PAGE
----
2. Measure the geometry of the tree at the level you are working at

3. Take the resistance measurements (runs automatically)

PiCUS Tree Inspection Equipment

Steps one and two coincide with the procedure of the sonic scan. The actual measurements takes 2 to 10 minutes.

sonic scan. The actual measurements takes 2 to 10 minutes. The interpretation of the ERT is

The interpretation of the ERT is most accurate when done in combination with the SoT. The table below shows general rules of interpretation for ERT Type 1 trees.

ERT Type 1 trees usually develop higher conductive (blue in ERT) sapwood/bark on the edge and lower conductive heartwood (red in ERT) in the centre:

The table helps to evaluate the centre of the tree

SoT Sonic velocity [m/s]

ERT Resistivity [Ω*m]

Conclusion

High (brown)

High (red)

Healthy

High (brown)

Low (blue)

Still safe, but early decay

Low (blue/violet)

High (red)

Cavity / dead decay

Low (blue/violet)

Low (blue)

Active decay

decay Low (blue/violet) Low (blue) Active decay The next examples show the scans on two chestnut

The next examples show the scans on two chestnut trees. Both trees were suspected of having the chestnut wet wood disease.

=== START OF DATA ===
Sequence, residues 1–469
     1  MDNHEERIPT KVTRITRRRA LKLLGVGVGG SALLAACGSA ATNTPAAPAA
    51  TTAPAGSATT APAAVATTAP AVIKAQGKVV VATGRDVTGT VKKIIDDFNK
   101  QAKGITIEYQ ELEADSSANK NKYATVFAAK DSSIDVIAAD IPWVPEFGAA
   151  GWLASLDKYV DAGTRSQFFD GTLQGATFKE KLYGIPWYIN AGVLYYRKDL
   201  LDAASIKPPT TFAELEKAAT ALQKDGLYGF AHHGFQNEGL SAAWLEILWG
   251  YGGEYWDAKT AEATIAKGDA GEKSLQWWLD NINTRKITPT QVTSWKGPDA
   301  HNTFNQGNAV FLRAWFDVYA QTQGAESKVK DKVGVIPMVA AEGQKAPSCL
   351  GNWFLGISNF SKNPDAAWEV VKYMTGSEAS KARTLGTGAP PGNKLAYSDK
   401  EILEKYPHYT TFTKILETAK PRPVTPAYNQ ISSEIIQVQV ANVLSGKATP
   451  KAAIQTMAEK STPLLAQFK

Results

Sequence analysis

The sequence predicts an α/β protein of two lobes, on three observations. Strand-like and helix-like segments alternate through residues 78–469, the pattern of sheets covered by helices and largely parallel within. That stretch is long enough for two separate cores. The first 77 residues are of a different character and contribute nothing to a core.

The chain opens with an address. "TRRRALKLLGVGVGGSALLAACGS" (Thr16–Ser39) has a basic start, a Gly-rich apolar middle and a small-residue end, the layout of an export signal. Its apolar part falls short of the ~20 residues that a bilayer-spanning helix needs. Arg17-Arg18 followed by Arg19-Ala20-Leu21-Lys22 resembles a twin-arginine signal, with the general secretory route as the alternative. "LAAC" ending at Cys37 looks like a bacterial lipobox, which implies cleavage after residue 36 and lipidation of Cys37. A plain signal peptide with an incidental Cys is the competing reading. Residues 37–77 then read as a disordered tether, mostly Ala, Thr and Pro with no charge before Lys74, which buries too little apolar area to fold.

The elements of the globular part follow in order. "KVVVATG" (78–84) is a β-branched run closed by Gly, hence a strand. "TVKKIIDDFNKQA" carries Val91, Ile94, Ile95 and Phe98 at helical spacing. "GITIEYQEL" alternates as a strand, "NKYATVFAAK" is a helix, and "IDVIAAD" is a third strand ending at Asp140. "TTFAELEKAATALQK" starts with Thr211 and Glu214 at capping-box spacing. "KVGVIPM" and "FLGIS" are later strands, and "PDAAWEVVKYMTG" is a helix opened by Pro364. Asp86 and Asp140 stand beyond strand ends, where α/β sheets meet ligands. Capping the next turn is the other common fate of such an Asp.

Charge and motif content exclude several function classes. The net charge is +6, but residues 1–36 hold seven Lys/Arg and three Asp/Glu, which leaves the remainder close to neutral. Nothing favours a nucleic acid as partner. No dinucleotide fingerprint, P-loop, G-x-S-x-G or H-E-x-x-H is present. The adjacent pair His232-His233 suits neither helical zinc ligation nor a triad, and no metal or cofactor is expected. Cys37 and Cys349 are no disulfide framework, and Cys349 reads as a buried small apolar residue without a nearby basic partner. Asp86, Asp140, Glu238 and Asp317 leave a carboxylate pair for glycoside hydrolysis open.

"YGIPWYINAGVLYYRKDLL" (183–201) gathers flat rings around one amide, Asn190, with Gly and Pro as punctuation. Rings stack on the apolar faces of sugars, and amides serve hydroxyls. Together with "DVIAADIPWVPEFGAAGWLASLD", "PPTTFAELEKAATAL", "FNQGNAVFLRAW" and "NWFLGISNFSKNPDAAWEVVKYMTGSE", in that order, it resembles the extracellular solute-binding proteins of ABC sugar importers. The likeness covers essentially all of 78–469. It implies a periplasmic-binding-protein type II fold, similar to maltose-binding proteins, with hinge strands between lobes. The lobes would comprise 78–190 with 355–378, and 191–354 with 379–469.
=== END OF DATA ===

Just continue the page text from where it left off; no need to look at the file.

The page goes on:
4.2. Examples

4.2.1. Chestnut Trees: decay or cavity?

1)
1)

SoT of tree 1

2)
2)

ERT of tree 1

3)
3)
4)
4)

SoT of tree 2

ERT of tree 2

The SoT of “Tree 1” shows heavy damage (1), the type of which is initially unknown. The blue colours in the ER tomogram (2) indicate areas of low resistance; most likely due to high water content. The combination of low sonic velocities (in the SoT) and high conductivity (in the ERT) is typical for active fungus infections. In the case of this chestnut tree, the diagnosis would be pathogen wet wood. “Tree 2appears to be very dry inside, as shown by the red colours in the ERT (4). This clearly indicates that this tree is not infected by wet wood disease. The ERT indicates an area of very high resistance (4); the sonic tomogram indicates low density (3). This might be a cavity.